Google “biggest brand disasters of the last decade” and the results are not all that surprising since when a company decides to ignore the potential reputational impact of its actions, everyone ultimately finds out about it. Nonetheless, recalling these well-known corporate “fails” is a good reminder about the unthinkable versus the possible. Here’s who World Finance identified as “leaders” in brand disasters:
BP – The spill in the Gulf was bad but BP, especially the CEO, was able to set fire (no pun intended) to the company and its brand, too.
Volkswagen – Apparently, the leadership at this automaker thought themselves too clever to be caught. Now, the company brand stands for lying and cheating.
Sea World – This one is a bit trickier. A “documentary” aired by CNN implied that the organization practiced animal cruelty. Instead of countering with an invitation for all to come and look for themselves, Sea World made it into a “he said, she said” and lost.
Target – When your computer systems are breached, resulting in the exposure of sensitive information on about 110 million of your cardholders, responding weeks later with poor customer service to those cardholders will get your CEO and CTO fired (and it did).
Ryanair – “We don’t want to hear your sob stories. What part of ‘no refund’ don’t you understand?” For CEO O’Leary, these types of comments are common. It seems there is such thing as bad publicity. It followed a very poor 2013 by being selected as the worst brand in the world in 2014.
Abercrombie & Fitch – Voted the “Most Hated Brand In America” in 2016, this company thought creating racist tees and practicing discriminatory hiring practices (against anyone who wasn’t “attractive”) would improve its image somehow. Huh?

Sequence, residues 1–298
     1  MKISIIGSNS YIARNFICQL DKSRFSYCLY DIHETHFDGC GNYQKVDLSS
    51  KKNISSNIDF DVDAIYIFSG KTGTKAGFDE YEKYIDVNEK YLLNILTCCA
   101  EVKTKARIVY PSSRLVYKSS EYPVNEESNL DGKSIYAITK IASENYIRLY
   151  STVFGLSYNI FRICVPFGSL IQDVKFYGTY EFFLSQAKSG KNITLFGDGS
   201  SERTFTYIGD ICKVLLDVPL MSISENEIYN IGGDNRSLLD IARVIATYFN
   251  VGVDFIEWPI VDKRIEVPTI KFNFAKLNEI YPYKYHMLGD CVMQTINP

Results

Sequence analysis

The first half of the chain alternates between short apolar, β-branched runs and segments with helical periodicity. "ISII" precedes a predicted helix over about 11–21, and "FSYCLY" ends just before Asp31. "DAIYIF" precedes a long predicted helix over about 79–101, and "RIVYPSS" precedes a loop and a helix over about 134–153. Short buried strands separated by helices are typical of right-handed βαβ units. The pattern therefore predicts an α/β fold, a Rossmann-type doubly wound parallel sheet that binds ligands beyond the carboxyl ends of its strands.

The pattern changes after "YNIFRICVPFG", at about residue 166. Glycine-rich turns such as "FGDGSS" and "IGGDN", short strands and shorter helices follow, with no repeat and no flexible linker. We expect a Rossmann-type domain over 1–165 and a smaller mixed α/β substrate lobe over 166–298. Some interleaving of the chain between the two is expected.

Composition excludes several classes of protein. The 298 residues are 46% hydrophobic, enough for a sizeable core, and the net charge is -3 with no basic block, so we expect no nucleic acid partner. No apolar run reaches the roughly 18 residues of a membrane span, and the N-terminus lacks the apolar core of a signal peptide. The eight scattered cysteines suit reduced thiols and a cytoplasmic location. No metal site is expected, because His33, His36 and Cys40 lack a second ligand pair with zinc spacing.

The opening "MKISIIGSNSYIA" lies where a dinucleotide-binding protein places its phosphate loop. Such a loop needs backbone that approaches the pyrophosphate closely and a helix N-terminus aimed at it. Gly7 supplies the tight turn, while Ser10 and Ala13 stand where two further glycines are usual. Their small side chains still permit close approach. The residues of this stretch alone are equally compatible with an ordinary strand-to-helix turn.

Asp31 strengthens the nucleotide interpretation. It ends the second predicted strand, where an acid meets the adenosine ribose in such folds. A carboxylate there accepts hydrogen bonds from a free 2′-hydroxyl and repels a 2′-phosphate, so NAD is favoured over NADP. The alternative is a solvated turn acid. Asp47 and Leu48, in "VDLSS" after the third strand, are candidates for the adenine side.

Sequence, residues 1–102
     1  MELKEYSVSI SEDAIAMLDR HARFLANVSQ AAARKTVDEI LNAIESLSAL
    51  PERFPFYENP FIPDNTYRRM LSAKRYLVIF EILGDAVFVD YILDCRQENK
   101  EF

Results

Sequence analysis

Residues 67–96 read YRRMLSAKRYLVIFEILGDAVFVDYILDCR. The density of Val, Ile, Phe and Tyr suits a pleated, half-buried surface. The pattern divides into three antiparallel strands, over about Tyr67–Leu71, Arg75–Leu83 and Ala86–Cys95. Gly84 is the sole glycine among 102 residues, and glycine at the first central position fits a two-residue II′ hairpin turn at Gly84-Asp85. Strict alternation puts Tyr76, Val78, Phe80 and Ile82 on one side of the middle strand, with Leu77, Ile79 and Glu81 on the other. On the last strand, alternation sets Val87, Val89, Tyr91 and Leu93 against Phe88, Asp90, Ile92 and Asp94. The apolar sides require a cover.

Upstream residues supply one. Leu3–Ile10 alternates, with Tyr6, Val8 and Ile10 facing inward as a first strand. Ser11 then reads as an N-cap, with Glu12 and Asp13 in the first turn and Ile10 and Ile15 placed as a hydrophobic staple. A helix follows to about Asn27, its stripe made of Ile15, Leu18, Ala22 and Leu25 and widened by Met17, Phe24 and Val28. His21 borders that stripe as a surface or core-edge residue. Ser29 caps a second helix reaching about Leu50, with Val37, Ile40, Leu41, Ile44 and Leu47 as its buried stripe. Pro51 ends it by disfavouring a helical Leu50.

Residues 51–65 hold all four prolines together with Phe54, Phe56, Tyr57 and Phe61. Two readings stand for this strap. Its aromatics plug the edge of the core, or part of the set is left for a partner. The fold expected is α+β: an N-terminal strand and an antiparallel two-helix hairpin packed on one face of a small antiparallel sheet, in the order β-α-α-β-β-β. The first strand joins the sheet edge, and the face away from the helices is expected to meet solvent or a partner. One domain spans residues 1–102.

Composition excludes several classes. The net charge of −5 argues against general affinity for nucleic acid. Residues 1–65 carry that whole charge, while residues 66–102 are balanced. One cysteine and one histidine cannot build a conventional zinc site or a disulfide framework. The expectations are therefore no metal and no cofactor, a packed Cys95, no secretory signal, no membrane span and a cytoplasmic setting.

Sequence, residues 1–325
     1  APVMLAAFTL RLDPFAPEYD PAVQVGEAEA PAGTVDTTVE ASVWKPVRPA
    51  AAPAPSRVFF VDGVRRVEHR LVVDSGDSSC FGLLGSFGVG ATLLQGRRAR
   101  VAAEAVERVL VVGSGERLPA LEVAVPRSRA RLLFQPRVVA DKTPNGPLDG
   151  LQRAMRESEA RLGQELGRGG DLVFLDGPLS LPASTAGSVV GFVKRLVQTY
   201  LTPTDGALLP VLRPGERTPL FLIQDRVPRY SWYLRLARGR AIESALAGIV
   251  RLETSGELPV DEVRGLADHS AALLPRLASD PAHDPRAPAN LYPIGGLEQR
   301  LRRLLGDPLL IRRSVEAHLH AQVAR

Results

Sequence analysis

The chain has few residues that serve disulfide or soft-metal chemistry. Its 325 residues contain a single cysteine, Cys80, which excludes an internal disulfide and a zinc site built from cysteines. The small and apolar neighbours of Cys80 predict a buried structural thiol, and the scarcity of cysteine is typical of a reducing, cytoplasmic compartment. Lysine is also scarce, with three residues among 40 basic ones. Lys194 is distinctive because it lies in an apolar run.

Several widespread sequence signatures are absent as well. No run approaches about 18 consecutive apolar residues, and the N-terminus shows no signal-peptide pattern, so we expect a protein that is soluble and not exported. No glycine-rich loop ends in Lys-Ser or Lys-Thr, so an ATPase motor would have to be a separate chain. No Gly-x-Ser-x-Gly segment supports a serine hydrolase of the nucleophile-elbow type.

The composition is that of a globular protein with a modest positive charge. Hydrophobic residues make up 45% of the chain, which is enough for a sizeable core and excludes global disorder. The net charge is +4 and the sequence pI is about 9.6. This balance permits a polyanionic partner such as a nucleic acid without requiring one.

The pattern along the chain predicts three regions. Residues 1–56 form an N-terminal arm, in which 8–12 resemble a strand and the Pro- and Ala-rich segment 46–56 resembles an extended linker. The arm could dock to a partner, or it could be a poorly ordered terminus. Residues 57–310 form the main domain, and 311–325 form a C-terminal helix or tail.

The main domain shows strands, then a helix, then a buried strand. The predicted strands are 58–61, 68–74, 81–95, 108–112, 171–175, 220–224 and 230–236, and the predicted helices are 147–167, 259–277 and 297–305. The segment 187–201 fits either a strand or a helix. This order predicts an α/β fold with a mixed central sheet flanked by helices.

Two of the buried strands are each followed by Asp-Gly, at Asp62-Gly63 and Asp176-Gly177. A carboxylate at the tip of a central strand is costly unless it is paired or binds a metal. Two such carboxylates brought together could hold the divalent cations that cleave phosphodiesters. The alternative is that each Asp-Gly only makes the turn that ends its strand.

Though incidents of this type do not occur in such a predictable fashion, if you divided the first five into the decade in question, you would see that even the largest global brands are likely to step on their own toes every couple of years. This frequency seems high given how many millions (and billions) of Euros, GBPs and USDs these organizations invest in protecting the value of their brands. If 2017 is any indication, then frequency of these debacles maybe accelerating. Already this year, these companies have managed to cost themselves and their shareholders hundreds of millions in market capitalization. Here is a list compiled by the financial services PR firm, William Mills Agency:
United – After dragging a bloodied and screaming passenger off an aircraft for refusing to give up his seat, an event captured on video, the airline’s CEO’s public comments basically blamed the passenger. Litigation and brand damage are $250 million and counting.
Uber – Too much here to summarize. To date, this company has had a dozen separate incidents of bad PR ranging from accusations of sexism to a video of the then-CEO abusing an Uber driver.
Wells Fargo – Bank employees created two million fake accounts to help in meeting their bonus goals. The CEO fired all of them and then, initially, refused to give back the bonus he had been given based on last year’s financial results.
Why all this in a blog carrying the brand of a company that builds testing solutions and platforms for companies in the financial services industry? Because, testing continues to not be a subject FinServ senior management considers to be important. Why? This is not exactly clear.
Perhaps it is because they don’t understand how the pace of technology changes over the last few years is putting their payment systems at risk, especially given the fact that their testing teams are most likely using dated testing tools. These testing tools limit the amount of code that can be tested in an environment where the total amount of code in payment systems continues to grow. In addition, these tools are not efficient in terms of their overall cost to own and they limit the productivity of testers.
Already this year, there is evidence of how the systems that power financial services are vulnerable to these conditions. Chase, First Citizens, NatWest, Lloyds, Halifax and a number of banks in Texas have seen system failures. Each time customers cannot do what they want to do when they use the payment products and services offered by their card issuer or an ATM, brand value is eroded. This is also true if they have a poor user experience, cannot use the latest features they want to or read a bad review from a credible source by someone who has had experiences such as this.
Testing is important right down to the bottom line and the price of stock for a FinServ company. Those who take testing seriously will upgrade their testing solutions and platforms. Those that don’t will be on somebody’s list somewhere before they know what hit them.